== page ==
Associate Justice Alan C. Page's speech
Thank you for that kind introduction and for your warm welcome. Thank you also for allowing me to share my thoughts with you this evening. Congratulations on completing the Leadership Perspectives program. What a wonderful gift you've given yours...
Thank you for that kind introduction and for your warm welcome. Thank you also for allowing me to share my thoughts with you this evening.
Congratulations on completing the Leadership Perspectives program. What a wonderful gift you've given yourselves. The leadership skills you have developed will allow you to have a different future than it otherwise would have been.
Thinking about preparation, I am reminded of my own law school experience, where I learned some important lessons about preparation during my first-year contracts class. Instead of lecturing, my contracts professor believed strongly in the Socratic method, which, as the graduates know, entails asking questions of those who are under-enlightened to help lead them to enlightenment--and includes a little intimidation along the way. Even though I always came to class relatively well prepared and had performed as a football player in front of hundreds of thousands of people, I was panicked that the professor would call on me. Making myself small and inconspicuous, however, was not one of the choices. What could I do?
After surviving the first few days, I noticed that the professor only called on students who looked afraid. He never called on those who had their hands up. So I started raising my hand. And, for a while, this tactic was rewarded. But then finally, one day, I raised my hand and, as luck would have it, he called on me. Without thinking, I stood up to answer the question... and... my mind... went... blank. And it stayed blank. As I scrambled for a cohesive thought, I had momentary empathy for all those quarterbacks I'd been chasing for a living. And then somehow, it hit me--I had to say something. Anything was better than silence. So I started speaking. Whatever I said, it must have been okay.
That experience taught me three important lessons: first, preparation is critical to success. And, while good preparation in that context means coming to class with assignments done, it also means being able to size up a situation and responding appropriately. Second, I learned that we sometimes create our own greatest obstacles. That our fears--rather than the actual situation--are what limit us. And third, that even when our fears cause us to stumble, good preparation will pick us up. These are lessons that have served me well, and I suspect would serve many people well.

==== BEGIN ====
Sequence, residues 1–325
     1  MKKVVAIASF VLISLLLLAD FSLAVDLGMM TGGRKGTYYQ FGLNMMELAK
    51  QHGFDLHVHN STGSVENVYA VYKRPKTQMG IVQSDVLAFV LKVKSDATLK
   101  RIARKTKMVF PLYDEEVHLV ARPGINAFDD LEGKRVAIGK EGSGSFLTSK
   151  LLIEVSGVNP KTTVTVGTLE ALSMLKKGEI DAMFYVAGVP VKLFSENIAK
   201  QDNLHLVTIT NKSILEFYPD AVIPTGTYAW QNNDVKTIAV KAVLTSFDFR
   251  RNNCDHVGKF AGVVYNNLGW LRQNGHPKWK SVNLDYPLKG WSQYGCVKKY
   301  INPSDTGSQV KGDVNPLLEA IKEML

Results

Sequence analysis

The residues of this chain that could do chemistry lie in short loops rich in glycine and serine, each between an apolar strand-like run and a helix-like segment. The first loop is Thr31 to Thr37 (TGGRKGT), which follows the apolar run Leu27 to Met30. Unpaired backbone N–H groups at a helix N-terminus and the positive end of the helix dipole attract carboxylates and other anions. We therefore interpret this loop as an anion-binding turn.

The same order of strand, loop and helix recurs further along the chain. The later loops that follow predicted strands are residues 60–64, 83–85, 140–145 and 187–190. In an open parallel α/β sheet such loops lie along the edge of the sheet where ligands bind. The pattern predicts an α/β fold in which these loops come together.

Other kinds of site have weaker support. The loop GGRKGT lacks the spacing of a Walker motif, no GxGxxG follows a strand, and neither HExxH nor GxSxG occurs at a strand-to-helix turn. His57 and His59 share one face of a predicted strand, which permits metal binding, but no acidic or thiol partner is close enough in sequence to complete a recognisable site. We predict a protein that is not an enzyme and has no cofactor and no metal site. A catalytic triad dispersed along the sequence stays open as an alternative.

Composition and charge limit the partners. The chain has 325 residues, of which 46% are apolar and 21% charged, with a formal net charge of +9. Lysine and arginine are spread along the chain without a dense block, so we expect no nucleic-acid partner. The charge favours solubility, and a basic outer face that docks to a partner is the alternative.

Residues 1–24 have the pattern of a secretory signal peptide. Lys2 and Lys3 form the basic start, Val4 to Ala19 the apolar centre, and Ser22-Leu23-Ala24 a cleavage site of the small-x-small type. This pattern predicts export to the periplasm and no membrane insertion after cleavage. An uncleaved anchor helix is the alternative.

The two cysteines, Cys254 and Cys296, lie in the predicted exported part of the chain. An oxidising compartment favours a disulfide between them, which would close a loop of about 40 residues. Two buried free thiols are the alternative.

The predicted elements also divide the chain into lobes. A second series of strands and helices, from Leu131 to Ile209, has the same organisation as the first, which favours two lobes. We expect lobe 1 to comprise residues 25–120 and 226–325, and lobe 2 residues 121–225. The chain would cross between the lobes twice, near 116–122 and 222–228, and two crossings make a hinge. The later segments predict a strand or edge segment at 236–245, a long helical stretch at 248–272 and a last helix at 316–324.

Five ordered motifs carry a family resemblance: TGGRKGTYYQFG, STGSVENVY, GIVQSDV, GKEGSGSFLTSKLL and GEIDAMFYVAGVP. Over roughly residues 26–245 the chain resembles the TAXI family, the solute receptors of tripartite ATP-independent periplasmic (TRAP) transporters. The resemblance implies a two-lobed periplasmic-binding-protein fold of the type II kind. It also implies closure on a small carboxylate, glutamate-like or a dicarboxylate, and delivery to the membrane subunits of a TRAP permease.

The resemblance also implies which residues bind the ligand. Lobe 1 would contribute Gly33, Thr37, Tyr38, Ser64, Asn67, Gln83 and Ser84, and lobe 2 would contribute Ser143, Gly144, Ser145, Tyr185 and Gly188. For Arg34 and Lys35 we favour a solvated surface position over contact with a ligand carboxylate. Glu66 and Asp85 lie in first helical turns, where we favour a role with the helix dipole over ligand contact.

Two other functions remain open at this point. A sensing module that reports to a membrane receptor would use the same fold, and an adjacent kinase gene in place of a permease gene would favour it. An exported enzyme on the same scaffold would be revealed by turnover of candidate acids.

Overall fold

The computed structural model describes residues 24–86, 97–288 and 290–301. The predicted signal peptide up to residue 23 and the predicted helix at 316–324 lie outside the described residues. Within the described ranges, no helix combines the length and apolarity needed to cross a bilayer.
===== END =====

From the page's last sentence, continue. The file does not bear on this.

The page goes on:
Recognizing that what I say tonight may well not be long remembered, what I would like to do is talk for a moment about the future... about hope... and ultimately the role that each of us can play in making the future better and brighter.
As you move on to the next stage in your life, whatever path you choose to take, your character will be challenged. As a nation, sometimes it seems as though we have lost our character. If we are to thrive, we must regain it.
The American Heritage Dictionary defines "character" as moral or ethical strength, integrity, fortitude. In a sense, character is who we are at our core. It's what determines what we believe and how we choose to respond in any given situation. Character is not something we are born with, nor does it develop automatically--it must be consciously developed. Character is not something that is static. Whether you're 50 or 15, 5 or 75... whether you're one of tonight's graduates or a Supreme Court Justice... you will be forced to re evaluate and renew your character again and again. How we act today, and every day for the rest of our lives, will define who we are.
People of character take responsibility for who they are and what they do. To resist the pressures and temptations that seduce us... to make the easy choices rather than the right choices... to be a person of character... takes a strong person. I don't mean strong in the physical sense, for physical stature has nothing at all to do with character. I do mean "strong" in the sense of believing that each one of us has an obligation to act in a way that builds, rather than diminishes, our character and the character of those around us.